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Concussions Can Have Long-Term Consequences: Brain injury is a serious matter

There is a greater degree of awareness and concern about concussion among athletes, coaches and physicians these days.

“In my experience over the past couple of years, the awareness of concussion has significantly risen,” said Chris Sharrock, PT, DPT, CSCS with KORT (Kentucky Orthopedic Rehab Team) in Winchester. “There are more reported concussions than there have been in the past, just because of the information that’s come out about the seriousness of them.”

Concussion is a mild, almost nostalgic term for a more serious condition.

“The word ‘concussion’ has been kind of watered down in our society,” Sharrock said. He believes using a stronger phrase to describe the event will make people take concussions more seriously.

“There’s a big movement right now to not even call them concussions, instead calling it a mild traumatic brain injury,” he said. “Brain injuries are things like stroke, and we take those very seriously. We need to have the sports community do the same.”

KORT uses a computer-based comprehensive concussion program to perform a baseline testing of athletes before they incur a head injury. Sharrock calls it a “preseason physical for the brain.”

“We have a baseline measurement of their cognitive function,” Sharrock said. “If they have some sort of concussion, we can bring them back in and test them again and compare their results to what they tested at baseline.”

The program asks the athlete questions and scores him or her on memory, recall ability, reaction time and other facets of brain function. If a suspected brain injury occurs, the baseline results are compared to the results obtained after the injury.

“We can say, ‘Oh, they scored 75 percent in individual memory (after the incident) compared to what they did at the baseline test,’ so that lets us know there’s a deficit and there’s a problem,” Sharrock explained.

Recent research is showing that the long-term consequences of concussion are much worse than was originally thought, Sharrock said.

“That’s been driven by the NFL and the research they’ve done on some of the players that have passed away,” he said. “They’ve studied their brains and they’ve looked at the changes that have happened with these guys that have had multiple concussions. So what we know is that concussions at a young age are a red flag for problems later in life.”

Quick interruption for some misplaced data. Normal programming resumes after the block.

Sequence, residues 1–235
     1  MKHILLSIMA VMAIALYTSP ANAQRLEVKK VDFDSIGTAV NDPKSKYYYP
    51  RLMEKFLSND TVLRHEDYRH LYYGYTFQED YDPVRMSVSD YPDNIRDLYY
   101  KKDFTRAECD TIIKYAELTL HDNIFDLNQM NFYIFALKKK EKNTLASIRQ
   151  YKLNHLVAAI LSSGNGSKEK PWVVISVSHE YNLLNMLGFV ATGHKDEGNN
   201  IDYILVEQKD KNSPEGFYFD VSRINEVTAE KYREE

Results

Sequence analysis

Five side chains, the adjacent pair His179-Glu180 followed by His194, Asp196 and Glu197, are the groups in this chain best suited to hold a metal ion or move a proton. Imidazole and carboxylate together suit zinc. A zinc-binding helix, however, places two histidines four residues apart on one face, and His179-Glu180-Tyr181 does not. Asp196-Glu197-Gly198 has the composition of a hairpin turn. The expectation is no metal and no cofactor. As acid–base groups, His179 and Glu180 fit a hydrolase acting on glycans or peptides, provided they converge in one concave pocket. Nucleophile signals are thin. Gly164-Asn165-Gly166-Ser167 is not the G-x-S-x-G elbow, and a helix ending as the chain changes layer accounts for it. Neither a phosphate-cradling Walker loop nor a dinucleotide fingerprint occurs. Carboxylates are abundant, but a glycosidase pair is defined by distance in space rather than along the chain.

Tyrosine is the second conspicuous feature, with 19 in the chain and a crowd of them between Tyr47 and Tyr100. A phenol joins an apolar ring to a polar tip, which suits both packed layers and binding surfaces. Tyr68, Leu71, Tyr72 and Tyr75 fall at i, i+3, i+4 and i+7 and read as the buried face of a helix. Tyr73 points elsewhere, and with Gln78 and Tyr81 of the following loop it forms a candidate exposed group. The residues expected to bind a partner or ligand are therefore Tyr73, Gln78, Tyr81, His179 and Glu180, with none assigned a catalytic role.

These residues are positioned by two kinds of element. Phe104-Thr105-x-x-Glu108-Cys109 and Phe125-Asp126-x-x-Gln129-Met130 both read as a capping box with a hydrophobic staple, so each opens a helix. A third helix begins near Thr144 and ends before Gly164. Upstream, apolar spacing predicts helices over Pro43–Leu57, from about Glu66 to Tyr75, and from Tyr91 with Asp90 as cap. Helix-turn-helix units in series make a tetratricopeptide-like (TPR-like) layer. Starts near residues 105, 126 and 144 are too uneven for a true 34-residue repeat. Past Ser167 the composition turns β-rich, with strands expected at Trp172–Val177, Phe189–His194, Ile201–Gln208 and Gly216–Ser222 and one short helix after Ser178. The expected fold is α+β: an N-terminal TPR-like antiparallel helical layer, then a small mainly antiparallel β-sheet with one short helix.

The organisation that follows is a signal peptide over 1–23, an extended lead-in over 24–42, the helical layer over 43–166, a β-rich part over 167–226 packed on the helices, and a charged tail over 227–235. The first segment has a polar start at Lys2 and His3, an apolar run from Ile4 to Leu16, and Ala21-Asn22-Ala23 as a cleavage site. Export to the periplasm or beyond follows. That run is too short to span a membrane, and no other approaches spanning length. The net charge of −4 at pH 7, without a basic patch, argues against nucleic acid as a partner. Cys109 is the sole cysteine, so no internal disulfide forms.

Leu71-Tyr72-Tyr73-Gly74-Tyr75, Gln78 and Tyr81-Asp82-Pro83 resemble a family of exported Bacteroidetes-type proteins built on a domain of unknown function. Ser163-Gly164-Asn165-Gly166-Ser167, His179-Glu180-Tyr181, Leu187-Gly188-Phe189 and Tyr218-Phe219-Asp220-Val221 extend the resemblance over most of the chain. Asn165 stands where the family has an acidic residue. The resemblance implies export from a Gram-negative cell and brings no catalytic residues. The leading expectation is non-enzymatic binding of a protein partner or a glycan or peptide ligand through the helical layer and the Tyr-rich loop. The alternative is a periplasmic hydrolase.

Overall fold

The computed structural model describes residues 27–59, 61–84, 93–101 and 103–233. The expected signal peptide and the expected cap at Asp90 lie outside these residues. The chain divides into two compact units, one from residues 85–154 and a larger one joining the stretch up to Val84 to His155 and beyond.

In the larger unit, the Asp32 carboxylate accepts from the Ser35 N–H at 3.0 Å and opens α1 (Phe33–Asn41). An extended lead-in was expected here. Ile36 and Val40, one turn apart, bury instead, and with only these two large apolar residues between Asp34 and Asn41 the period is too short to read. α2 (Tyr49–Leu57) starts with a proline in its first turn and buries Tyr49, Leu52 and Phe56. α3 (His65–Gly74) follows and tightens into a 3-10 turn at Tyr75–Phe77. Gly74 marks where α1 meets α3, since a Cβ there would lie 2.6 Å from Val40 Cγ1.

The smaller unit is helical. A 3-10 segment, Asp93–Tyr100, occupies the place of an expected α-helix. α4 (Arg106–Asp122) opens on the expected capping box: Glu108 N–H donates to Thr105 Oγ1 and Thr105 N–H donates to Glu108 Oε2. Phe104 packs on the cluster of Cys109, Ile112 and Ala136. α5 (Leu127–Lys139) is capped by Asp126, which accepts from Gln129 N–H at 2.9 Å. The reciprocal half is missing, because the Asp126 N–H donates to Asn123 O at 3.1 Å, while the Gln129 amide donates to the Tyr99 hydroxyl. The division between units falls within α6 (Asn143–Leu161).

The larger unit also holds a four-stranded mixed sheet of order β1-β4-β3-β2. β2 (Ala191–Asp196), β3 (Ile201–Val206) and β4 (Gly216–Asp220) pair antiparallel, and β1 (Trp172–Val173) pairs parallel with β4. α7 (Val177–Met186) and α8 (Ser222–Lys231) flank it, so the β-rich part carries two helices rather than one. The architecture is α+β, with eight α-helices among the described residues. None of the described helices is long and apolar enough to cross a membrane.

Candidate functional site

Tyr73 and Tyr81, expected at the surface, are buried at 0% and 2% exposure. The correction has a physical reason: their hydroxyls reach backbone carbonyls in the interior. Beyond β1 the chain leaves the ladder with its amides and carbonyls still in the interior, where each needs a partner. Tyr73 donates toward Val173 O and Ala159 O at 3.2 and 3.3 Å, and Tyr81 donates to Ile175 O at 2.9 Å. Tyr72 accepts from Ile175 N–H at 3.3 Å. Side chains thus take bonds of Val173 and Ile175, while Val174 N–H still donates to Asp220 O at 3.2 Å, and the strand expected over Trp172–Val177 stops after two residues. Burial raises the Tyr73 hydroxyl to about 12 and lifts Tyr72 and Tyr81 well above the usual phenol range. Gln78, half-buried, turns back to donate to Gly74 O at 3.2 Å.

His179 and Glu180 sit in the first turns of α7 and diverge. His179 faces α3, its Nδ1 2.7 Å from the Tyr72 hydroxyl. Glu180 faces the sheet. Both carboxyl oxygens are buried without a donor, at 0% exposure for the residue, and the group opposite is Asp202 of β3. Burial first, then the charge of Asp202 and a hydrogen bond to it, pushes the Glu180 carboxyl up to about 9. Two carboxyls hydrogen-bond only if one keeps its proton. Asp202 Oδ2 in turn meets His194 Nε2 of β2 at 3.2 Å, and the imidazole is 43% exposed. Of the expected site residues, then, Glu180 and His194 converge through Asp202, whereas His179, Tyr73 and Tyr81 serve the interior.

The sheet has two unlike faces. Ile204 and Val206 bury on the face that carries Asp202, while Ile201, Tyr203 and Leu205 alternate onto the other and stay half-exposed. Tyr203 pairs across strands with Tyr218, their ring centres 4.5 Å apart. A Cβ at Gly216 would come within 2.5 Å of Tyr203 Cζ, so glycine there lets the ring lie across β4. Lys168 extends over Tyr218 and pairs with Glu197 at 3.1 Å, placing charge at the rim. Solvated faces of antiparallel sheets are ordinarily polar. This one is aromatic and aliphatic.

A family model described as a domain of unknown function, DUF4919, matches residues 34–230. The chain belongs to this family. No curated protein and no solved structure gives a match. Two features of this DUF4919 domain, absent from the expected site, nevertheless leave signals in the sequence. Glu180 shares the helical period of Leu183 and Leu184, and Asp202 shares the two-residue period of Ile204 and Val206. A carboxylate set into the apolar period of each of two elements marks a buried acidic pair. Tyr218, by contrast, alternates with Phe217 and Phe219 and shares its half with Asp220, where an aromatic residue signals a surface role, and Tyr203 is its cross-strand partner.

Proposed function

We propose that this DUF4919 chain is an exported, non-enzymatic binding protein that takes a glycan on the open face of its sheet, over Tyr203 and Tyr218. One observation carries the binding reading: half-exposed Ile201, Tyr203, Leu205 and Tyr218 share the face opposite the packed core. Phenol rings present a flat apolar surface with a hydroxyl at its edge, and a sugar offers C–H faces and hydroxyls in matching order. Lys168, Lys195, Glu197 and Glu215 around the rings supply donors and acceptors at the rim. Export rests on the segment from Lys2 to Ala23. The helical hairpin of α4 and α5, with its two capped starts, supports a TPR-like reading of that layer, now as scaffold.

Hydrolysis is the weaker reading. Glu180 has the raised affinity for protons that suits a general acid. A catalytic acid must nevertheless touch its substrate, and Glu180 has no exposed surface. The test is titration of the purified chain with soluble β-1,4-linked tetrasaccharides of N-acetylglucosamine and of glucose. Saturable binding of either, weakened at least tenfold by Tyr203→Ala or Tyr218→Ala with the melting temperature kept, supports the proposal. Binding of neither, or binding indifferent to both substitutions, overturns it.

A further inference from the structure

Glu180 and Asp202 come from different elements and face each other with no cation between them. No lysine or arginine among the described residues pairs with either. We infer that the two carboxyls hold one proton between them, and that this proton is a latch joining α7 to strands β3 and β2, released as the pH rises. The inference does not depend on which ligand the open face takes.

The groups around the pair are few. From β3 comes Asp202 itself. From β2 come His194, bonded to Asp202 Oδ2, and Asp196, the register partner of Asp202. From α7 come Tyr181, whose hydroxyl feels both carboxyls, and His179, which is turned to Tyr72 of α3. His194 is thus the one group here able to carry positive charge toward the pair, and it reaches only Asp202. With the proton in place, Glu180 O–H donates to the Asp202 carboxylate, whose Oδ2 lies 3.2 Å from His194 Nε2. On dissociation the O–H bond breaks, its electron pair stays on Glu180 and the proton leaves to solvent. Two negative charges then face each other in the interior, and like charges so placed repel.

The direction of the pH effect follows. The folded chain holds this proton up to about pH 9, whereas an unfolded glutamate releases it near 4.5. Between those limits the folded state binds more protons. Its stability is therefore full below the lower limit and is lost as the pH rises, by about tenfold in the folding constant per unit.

Education is vital for helping athletes and their coaches recognize and prevent concussions.

“I think the most important thing that we can do is educate the community, especially the parents and coaches, so that everyone knows concussion is a brain injury, and a brain injury is very serious and we need to take it seriously,” Sharrock said.

Another essential strategy is learning and using proper technique and form, especially in contact and collision sports.

“We need to enforce safety rules especially during competition, such as not allowing spearing in football,” Sharrock said.

Improving protective equipment such as helmets and mouthpieces will also make a difference in lowering the incidences of concussion. In addition, athletes who are in better condition will be able to absorb and deal with collisions. “Preparation is critical,” Sharrock said.

For a variety of reasons, younger athletes are more susceptible to concussion. They are not quite as strong as seasoned athletes, and their larger heads and smaller necks make it more difficult for their bodies to absorb force.

“If an athlete is having concussions at a younger age, not only are they susceptible for more concussions later on, but it’s definitely a big red flag,” Sharrock said.

There is ongoing debate about how many concussion should totally disqualify an athlete from competition.

“Some people will say after the third concussion, (the athlete) is usually done,” Sharrock said. “If you get an athlete into a situation where they’ve already had three concussions, you’re looking at some serious, possibly long-term complications.”

Diagnosing concussion can sometimes be tricky.

“There’s a constellation of symptoms that can happen with a concussion, and that’s why they’re sometimes tricky to identify,” Sharrock said. The most common symptoms include headache, dizziness, nausea, blurry vision, difficulty remembering new information and photosensitivity. The Centers for Disease Control says the symptoms may appear right away, while others may not be noticed for a few days after the injury occurs. Some signs that indicate a need for immediate medical attention include a headache that gets worse and doesn’t go away; weakness, numbness or decreased coordination; slurred speech; one pupil appearing larger than the other; and convulsions and seizures. If the victim cannot be awakened, he or she should be taken to the emergency room.

The current standard of care is to remove an athlete from the playing field if a concussion is even suspected. Until the athlete has been examined and cleared by a physician, he or she should not be allowed to return to the sport.

By Tanya J. Tyler, Associate Editor



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